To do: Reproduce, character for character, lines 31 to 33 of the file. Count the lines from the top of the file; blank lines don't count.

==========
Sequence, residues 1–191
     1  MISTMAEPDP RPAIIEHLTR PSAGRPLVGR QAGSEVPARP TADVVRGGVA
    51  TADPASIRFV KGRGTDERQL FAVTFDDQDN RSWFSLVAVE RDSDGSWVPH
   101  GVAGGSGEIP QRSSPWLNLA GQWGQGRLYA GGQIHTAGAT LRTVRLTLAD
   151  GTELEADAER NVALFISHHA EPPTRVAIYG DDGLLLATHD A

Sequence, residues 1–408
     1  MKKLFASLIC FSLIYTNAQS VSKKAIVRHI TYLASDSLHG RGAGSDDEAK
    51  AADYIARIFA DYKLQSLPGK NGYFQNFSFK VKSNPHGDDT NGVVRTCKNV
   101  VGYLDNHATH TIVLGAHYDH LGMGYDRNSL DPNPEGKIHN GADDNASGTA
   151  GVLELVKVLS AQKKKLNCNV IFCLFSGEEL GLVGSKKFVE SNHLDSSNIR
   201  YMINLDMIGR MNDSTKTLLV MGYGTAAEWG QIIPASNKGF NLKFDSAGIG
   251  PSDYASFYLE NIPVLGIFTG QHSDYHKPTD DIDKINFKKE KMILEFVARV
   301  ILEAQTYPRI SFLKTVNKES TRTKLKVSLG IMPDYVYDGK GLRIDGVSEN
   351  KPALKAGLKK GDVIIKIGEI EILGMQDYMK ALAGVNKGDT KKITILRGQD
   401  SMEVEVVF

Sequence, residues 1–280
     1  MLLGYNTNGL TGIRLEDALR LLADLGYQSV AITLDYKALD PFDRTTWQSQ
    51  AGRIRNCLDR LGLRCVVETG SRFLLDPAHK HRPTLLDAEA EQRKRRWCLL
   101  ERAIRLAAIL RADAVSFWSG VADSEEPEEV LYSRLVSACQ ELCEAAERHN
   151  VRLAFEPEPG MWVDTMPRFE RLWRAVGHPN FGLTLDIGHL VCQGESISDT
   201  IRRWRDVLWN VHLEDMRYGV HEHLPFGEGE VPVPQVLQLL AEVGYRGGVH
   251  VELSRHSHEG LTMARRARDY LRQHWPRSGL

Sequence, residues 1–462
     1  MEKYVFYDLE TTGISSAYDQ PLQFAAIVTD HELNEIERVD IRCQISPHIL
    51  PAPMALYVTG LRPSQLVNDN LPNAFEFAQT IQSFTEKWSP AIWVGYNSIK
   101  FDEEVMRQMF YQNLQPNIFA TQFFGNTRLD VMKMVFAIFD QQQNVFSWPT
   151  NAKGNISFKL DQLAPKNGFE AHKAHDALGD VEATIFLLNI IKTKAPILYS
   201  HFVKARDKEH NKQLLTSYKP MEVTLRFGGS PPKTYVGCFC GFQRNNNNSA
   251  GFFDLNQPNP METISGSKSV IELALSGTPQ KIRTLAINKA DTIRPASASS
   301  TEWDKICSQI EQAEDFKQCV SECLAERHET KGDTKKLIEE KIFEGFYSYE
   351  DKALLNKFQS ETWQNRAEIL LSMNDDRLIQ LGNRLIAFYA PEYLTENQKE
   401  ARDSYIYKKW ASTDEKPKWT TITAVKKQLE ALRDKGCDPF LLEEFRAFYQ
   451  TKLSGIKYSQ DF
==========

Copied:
   351  DKALLNKFQS ETWQNRAEIL LSMNDDRLIQ LGNRLIAFYA PEYLTENQKE
   401  ARDSYIYKKW ASTDEKPKWT TITAVKKQLE ALRDKGCDPF LLEEFRAFYQ
   451  TKLSGIKYSQ DF